JNat Beginners Guide to Buying: Stories of Success, Pitfalls, and Fails

Discussion in 'Sharpening Station' started by Xenif, Oct 16, 2018.

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  1. Oct 16, 2018 #1

    Xenif

    Xenif

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    This is the thread we have all been looking for!!
    A recent thread had us all talking about who and who not to get stones from, fake stamps, dubious stone sellers, and other pitfalls of the JNat world.
    I want to carry over the conversation here so we can openly talk about all our collective experiences, the good, the bad, the ugly.
    I only started 6 months ago down the Jnat rabbit hole (and I love it), so the problem some of us newbs are having, is telling what is a good and what is a bad stone.
    I hope this thread can bring out the senior stoners to help the junior stoners.
     
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  2. Oct 16, 2018 #2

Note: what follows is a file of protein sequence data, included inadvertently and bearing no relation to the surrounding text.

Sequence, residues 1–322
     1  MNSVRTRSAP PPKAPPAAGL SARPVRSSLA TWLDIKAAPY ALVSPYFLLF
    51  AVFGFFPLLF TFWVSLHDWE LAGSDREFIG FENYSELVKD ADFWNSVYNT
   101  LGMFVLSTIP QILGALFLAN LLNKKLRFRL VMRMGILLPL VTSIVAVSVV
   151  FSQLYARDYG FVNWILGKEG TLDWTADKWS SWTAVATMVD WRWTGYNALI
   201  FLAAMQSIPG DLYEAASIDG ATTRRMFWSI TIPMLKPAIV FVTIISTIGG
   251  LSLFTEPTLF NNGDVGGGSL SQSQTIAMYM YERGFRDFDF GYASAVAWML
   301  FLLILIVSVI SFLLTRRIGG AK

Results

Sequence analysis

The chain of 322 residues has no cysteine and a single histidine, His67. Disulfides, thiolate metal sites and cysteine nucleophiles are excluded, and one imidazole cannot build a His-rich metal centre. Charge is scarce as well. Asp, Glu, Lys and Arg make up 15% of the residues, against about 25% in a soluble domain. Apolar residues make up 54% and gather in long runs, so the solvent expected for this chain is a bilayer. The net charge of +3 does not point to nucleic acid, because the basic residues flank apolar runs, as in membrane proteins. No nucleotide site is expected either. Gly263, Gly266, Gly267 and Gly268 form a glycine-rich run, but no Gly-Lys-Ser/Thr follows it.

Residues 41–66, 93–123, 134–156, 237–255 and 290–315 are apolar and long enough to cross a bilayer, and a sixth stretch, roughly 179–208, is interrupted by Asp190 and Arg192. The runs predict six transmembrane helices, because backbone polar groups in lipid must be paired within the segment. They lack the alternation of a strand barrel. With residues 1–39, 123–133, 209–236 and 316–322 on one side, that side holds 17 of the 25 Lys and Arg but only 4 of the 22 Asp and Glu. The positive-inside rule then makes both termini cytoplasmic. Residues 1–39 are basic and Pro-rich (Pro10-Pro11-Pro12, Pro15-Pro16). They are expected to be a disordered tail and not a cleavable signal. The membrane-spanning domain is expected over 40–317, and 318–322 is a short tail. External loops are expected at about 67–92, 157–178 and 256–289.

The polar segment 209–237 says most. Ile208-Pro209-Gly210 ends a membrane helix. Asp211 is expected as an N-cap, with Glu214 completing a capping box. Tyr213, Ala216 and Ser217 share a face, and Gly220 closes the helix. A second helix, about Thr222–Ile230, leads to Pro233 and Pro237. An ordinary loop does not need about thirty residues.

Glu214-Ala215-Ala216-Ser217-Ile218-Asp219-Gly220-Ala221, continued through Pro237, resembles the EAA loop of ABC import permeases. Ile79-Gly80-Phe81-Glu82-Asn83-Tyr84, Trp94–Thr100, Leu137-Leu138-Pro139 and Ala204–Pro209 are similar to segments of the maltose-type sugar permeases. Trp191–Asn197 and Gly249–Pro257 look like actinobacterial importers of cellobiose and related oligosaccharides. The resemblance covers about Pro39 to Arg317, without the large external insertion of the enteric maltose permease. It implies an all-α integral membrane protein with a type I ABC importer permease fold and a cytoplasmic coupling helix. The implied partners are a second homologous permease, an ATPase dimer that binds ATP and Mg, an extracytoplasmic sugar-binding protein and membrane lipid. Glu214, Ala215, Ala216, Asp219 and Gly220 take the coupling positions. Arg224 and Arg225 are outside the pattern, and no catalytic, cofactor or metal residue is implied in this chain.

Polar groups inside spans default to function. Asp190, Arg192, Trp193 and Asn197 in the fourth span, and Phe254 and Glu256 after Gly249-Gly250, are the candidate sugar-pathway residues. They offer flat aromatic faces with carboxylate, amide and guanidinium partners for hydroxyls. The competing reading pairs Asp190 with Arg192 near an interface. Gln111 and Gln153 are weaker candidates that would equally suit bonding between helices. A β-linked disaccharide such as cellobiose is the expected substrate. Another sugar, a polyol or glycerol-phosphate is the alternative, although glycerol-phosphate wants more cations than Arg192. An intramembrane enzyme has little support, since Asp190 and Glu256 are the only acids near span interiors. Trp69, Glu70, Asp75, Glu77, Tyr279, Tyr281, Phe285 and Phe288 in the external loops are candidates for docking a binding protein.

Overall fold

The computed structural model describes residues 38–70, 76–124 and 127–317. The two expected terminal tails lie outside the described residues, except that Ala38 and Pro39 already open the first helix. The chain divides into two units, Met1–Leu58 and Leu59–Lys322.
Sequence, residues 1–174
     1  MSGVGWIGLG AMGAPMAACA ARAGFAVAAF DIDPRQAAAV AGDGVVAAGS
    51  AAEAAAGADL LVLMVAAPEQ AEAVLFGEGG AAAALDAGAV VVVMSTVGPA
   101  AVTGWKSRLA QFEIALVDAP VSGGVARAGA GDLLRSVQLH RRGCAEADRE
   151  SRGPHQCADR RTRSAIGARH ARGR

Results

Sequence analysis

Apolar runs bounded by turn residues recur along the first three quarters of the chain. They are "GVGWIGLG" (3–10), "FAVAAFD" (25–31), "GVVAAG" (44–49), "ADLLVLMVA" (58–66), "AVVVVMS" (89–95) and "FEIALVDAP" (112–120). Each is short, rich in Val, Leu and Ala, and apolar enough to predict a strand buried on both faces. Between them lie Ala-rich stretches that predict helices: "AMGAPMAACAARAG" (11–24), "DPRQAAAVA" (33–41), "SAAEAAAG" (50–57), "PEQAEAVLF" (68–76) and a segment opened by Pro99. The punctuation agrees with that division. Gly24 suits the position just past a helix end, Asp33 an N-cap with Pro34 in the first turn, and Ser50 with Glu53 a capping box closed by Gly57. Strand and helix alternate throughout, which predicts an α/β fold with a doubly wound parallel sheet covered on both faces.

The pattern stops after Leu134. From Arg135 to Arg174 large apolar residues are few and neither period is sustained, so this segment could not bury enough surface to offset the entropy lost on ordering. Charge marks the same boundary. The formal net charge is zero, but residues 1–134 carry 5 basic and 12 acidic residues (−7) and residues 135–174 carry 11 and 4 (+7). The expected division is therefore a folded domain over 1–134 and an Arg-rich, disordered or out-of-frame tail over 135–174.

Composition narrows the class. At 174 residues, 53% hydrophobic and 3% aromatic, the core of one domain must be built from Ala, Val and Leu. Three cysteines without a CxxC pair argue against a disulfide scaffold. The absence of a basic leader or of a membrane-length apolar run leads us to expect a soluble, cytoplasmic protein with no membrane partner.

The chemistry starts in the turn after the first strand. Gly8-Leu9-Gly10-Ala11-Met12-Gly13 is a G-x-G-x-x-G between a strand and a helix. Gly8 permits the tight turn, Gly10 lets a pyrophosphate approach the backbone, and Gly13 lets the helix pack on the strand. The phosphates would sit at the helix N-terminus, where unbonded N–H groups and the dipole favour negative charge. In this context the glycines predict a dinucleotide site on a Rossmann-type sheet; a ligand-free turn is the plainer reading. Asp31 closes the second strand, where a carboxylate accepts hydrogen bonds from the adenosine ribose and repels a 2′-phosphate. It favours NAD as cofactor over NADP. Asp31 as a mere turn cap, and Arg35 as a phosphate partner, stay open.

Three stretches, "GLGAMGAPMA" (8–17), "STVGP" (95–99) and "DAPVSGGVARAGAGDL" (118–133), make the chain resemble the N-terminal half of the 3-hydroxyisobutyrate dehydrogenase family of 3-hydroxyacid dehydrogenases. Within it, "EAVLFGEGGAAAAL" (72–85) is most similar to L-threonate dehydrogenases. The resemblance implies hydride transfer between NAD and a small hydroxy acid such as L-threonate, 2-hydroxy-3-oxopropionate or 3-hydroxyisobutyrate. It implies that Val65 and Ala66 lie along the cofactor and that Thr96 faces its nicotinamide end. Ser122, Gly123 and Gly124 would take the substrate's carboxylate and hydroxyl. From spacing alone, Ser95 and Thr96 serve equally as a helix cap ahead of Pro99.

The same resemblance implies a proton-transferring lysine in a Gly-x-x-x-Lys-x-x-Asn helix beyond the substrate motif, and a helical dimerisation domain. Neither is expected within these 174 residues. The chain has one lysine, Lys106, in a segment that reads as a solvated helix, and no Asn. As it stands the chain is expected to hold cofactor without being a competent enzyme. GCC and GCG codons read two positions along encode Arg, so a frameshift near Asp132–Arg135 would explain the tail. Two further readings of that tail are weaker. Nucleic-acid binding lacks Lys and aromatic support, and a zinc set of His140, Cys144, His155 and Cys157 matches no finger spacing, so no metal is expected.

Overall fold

PalmRoyale

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    First of all, I want to say I'm sorry for recommending ymmtnofm. I had no idea he's the same guy as Fujibato.

    Now that that's out of the way, I was bidding on an Okudo suita this guy listed a few days ago. Unbeknownst to me a shipwright I know was also bidding on it and he won the auction. Talk about coincidence. He told me to test the stone when he has it and that's what I'll do. I hope for him it's a good one.
     
  3. Oct 16, 2018 #3

    Spipet

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    This is a really useful story! Now I definitely know where and what to buy!
     
  4. Oct 16, 2018 #4

    erezj

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    Xenif, thank you so much for this thread, I really hope the senior stoners come out.

    I've been down the rabbit hole now for four lovely years, and I can say that still I understand nothing.

    The little contributions I can share is buying from MetalMaster a $50 Aoto, saw at the time so many great feedbacks on Aoto stones.

    MM was OK to deal with, eventually my first Jnat, the Aoto arrived, I immediately disliked it, it felt like polishing on sand.

    Eventually, a year latter, and a few little koppa's I bough on the way, I went 'wiled' and bought a $250 Aoto from JNS.

    First of all JNS is a pleasure to deal with and supper fast delivery, and then there is the stone.

    I have no real way to know if its a 'good' stone, I can only compare it to the one I got from MM for $50, and yes, it was worth at least 5 times the stone from MM.